Today’s Leaders are Mentors. At its core, being a mentor is a trusted advisor. It is leading another person through a one-to-one relationship, supporting and advising someone when they need it and keeping that person’s best interest in mind.
Mentors can be peer mentors, career mentors, life mentors, they can be your manager, co-worker, parent, friend… anyone who’s been an excellent advisor at some point in your life. There is no time limit to how long a person can be a mentor. Mentorship is all about supporting another person, sharing the knowledge you have from our own experiences while assisting another to be successful.
Tips to be a good Mentor:
1. Each mentorship is unique.
Each person you encounter is unique and the relationship you have with everyone is slightly different, thus you must approach each mentorship differently. Being a mentor is relationship building at its very core. In order to build trust, you will need to learn about the person, learn about their communication style, their working style, their goals, likes & dislikes etc. It is about taking a personal interest in each mentee.
2. Be an Active Listener.
A key to taking a genuine interest in becoming an active listener. Being an active listener is listening more and asking questions and listening again. Mentors do not solve the problems for the mentee but guide them. They help to remove roadblocks and builds bridges.
3. Set Goals Mutually.
Develop accountability not only for the mentee but also the mentor. Make sure the goals are in bite sizes and achievable so that both parties will be able to see progress.
4. Share your mistakes.
Being open to sharing and owning your mistakes and failures is one of the best gifts as a mentor can give. By sharing your challenges, successes and failures provide helpful information in problem-solving, builds trust and gives the mentee permission to share their own mistakes. Ultimately it is through the weaknesses we each have that strengthens the relationship.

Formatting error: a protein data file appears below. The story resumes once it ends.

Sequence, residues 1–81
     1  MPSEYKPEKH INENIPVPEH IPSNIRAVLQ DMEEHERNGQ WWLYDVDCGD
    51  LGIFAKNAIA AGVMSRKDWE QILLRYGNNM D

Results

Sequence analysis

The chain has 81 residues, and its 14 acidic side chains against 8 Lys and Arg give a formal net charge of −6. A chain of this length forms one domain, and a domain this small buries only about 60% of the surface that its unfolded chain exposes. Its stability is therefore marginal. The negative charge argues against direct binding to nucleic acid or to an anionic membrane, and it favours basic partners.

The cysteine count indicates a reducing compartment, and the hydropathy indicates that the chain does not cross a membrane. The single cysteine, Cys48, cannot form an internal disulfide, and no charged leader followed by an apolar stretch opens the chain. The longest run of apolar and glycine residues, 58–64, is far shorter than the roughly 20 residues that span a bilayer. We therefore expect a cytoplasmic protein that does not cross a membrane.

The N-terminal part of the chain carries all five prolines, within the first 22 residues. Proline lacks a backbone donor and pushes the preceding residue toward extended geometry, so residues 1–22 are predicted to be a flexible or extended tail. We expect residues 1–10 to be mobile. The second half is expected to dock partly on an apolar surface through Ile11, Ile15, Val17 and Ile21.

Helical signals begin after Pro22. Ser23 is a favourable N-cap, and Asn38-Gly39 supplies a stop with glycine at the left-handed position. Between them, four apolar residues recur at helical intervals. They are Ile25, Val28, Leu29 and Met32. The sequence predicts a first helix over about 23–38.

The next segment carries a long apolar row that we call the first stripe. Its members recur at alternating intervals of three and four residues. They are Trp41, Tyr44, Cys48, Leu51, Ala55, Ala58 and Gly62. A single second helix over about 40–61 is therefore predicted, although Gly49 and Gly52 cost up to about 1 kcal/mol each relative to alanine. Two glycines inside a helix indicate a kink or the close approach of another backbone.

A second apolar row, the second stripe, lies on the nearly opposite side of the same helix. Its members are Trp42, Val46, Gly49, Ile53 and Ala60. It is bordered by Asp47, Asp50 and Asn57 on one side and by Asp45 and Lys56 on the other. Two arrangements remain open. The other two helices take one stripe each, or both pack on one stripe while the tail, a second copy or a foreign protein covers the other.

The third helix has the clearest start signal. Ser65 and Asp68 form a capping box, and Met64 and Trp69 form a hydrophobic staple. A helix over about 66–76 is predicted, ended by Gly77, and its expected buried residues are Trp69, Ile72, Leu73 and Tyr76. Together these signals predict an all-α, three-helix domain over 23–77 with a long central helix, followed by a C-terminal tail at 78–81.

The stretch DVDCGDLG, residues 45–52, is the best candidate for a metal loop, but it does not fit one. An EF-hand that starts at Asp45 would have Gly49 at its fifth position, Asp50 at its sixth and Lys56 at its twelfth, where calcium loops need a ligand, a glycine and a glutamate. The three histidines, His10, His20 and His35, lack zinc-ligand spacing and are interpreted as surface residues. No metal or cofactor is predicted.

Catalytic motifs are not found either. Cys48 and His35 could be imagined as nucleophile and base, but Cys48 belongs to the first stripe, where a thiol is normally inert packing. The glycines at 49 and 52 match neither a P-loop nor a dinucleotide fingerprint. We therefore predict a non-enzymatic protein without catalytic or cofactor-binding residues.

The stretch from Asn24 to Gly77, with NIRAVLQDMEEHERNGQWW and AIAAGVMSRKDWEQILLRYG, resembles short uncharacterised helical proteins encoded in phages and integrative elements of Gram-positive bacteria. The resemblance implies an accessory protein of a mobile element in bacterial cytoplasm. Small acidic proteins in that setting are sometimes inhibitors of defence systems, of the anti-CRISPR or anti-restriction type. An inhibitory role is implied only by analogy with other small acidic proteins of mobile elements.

5. Celebrate their achievements.
Be creative, you don’t have to wait for milestones to celebrate.
6. Lead by example.
Be positive and enthusiastic. Enthusiasm is contagious, you want your mentee to feel as if their job as meaning.
7. Give honest constructive feedback.
Giving honest constructive feedback, identifying both strengths and weaknesses will help the mentee be successful in their field. Provide challenges that will help the mentee stretch and grow. Be careful that your feedback does not cross over to criticism. The role of a mentor is to build up, strengthen and stretch the mentee.
8. Open Doors.
As a mentor, you have connections and contacts that will be beneficial to the mentee. Introduce them to people in your network.
As I reflect on the people whom I have met and associated with in my life, both life mentors and business mentors one of my greatest mentors was a former manager. His first day on the job he came to my office pulled up a chair and said: “show me what you do”. I responded well to his personal hands-on approach to wanting to understand my job and duties. From that very first day, we were able to build a strong working relationship where he was able to assist me in areas of growth that I never before considered. I will always be grateful to his example, patience and direction he provided. Remember that as you mentor others, it takes practice and patience.
By: Cheryl Viola , Executive Director